“It just so happens that the next trilogy after the next film will go back 20 years earlier, and tell of the young Alec Guinness character, and how Darth Vader came to power,” Hamill said.
As a 10-year-old kid, I couldn’t wait to see that trilogy. I imagined it would begin with Anakin Skywalker turning to the Dark Side, probably within the first 15 minutes of the film. The rest of the movie would be Vader unleashed, only to be stopped by Obi-Wan at the lip of a volcano, where the Sith Lord would fall, burn and then rise as the cyborg we all love to hate.
The second film would have been Vader tracking down all the remaining Jedi, and the odds would have been against him at first. One bad guy versus an army of the galaxy’s greatest warriors? He’d have no chance. Only Obi-Wan would be able to see the rising threat of the nascent Empire, and Vader would triumph against all odds so that the bad guys could win. I imagined the third film of a prequel trilogy would take place in a universe where Vader has already won, and a scrappy band of rebels is only beginning to take shape.
We’ll never see those movies. George Lucas decided that the logical beginning of the prequel trilogy would actually be the end, and he gave us two completely disposable films that tell us nothing of consequence and which are worse than pointless. We got to see Darth Vader as a kid, which is a story no one needed or wanted, and Darth Vader as a whiny teenager who hates sand, which, again, was not the stuff of any kid’s imaginations.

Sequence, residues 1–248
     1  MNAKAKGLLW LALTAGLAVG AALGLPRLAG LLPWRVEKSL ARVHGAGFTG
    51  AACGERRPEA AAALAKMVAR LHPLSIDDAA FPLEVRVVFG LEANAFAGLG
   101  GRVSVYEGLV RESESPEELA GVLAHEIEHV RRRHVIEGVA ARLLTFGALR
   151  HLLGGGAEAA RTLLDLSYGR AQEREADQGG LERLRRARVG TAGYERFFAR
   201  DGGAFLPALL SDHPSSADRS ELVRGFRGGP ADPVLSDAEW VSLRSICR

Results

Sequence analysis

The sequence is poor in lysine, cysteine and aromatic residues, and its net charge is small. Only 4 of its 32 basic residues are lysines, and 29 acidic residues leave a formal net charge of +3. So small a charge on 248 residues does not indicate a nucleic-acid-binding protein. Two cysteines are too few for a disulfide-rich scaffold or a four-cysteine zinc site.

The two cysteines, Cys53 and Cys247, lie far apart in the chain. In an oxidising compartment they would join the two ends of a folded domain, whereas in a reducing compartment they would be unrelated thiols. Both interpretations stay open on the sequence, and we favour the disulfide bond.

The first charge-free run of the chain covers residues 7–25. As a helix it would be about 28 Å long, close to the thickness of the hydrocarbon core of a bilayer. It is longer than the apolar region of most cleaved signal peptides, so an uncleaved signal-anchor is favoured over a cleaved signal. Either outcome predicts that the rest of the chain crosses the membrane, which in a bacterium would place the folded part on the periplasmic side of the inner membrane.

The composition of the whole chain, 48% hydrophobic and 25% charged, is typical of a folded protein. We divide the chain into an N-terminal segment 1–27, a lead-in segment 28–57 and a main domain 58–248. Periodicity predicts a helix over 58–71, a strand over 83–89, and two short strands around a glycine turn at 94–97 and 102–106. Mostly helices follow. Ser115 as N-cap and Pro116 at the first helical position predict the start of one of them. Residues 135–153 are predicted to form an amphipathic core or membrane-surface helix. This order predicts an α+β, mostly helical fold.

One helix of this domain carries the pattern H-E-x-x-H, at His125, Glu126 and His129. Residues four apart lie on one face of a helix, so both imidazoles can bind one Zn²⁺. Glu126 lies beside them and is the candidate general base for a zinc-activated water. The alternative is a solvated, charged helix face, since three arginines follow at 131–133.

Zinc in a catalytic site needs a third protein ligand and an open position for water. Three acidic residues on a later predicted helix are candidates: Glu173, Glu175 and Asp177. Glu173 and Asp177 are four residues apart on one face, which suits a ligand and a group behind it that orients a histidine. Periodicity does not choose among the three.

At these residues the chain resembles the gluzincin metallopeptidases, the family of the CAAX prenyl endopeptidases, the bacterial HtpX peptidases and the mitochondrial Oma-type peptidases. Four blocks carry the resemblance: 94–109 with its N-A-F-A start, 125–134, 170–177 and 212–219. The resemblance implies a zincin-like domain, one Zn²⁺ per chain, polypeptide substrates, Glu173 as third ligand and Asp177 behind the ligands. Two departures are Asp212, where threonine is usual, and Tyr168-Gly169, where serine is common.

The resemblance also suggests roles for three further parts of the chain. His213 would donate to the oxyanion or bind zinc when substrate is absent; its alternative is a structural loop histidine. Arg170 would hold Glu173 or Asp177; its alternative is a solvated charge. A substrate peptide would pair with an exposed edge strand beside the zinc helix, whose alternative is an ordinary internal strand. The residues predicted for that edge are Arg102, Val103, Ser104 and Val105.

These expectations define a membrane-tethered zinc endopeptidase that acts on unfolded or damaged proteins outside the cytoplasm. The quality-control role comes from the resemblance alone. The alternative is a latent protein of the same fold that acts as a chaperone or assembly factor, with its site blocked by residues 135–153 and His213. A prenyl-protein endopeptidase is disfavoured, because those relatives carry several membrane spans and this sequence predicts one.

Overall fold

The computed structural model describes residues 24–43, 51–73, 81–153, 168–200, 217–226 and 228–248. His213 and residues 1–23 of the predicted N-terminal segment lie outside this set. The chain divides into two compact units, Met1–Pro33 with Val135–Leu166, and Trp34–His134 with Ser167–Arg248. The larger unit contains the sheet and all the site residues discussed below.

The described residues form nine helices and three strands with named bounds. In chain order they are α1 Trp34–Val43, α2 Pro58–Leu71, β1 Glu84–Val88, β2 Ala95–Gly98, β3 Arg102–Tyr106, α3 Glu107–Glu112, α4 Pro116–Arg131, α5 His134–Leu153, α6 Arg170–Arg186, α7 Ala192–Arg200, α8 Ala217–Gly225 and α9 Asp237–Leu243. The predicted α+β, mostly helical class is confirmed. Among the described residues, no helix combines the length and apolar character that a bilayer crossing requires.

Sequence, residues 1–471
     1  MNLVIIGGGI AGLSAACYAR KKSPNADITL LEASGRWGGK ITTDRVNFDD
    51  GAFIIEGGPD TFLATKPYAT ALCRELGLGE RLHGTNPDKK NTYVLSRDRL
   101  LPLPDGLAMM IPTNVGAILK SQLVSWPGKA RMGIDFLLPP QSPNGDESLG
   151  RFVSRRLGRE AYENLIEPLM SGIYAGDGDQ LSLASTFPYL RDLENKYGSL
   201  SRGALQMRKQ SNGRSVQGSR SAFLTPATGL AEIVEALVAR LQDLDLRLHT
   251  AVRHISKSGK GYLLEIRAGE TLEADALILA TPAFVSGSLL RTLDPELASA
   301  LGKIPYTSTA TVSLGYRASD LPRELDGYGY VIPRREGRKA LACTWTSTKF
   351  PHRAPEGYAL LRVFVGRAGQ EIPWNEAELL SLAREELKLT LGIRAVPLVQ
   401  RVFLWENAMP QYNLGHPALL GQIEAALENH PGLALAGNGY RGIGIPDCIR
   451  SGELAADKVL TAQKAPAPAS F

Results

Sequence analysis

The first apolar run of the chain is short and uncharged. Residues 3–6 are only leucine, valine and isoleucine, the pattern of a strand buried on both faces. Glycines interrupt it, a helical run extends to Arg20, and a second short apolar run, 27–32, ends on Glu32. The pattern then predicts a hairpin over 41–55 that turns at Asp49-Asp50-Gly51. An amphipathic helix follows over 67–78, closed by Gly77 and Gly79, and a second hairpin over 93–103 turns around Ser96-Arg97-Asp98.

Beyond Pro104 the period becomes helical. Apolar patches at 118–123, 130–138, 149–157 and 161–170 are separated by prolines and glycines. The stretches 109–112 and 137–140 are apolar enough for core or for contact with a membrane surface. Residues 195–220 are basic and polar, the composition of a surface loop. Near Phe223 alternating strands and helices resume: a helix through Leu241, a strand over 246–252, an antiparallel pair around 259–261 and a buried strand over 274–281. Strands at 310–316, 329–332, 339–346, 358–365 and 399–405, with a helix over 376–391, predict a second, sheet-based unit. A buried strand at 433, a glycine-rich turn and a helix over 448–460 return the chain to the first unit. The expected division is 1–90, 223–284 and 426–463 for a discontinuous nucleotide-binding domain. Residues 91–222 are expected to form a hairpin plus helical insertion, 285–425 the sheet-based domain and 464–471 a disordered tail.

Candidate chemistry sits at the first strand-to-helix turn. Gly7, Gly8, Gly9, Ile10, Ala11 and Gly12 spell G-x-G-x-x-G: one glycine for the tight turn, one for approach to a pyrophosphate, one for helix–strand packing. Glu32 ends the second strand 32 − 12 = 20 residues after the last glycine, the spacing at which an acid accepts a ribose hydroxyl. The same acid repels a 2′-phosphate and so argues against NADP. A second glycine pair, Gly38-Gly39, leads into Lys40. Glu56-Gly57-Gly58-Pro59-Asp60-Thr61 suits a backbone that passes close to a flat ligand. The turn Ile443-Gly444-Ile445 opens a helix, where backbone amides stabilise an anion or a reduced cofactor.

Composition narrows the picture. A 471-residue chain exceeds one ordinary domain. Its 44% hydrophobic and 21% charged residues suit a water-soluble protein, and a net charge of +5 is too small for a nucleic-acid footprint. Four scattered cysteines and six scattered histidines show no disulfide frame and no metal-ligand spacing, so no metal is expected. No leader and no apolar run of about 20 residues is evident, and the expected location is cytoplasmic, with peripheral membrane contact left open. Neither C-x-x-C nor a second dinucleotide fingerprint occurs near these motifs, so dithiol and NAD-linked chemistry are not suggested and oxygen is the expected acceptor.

“Episode III — Revenge of the Sith” finally gave us some of the good stuff, but none of it made much sense. Five minutes before turning to the Dark Side, Anakin tries to turn the Emperor over to the Jedi Council, but then, inexplicably, he pledges himself to evil and starts slaughtering children for no good reason. We don’t get the iconic Vader suit until the last few frames, which are ruined by a melodramatic “Nooooooo!” that echoes through cinematic history as one of the cheesiest onscreen moments since Abbott and Costello met Frankenstein.
The late, great film critic Roger Ebert once described a film as “like taking a bus trip with someone who has needed a bath for a long time. It’s not merely bad; it’s unpleasant in a hostile way.” That’s how I feel about the prequels that we actually got.
Which brings us to “Rogue One: A Star Wars Story,” which is a delight from beginning to end because it’s actually my childhood version of “Episode III” brought to life. Despite the Sith Lord’s limited screen time, it gives us some of the best Darth Vader moments in all of the series, and it’s easily the best Star Wars movie since “The Empire Strikes Back.” Quite simply, it’s everything “Revenge of the Sith” should have been. So how about we go back and redo the first two prequels as well? There are a lot of overgrown 10-year-old kids who would love to see that happen.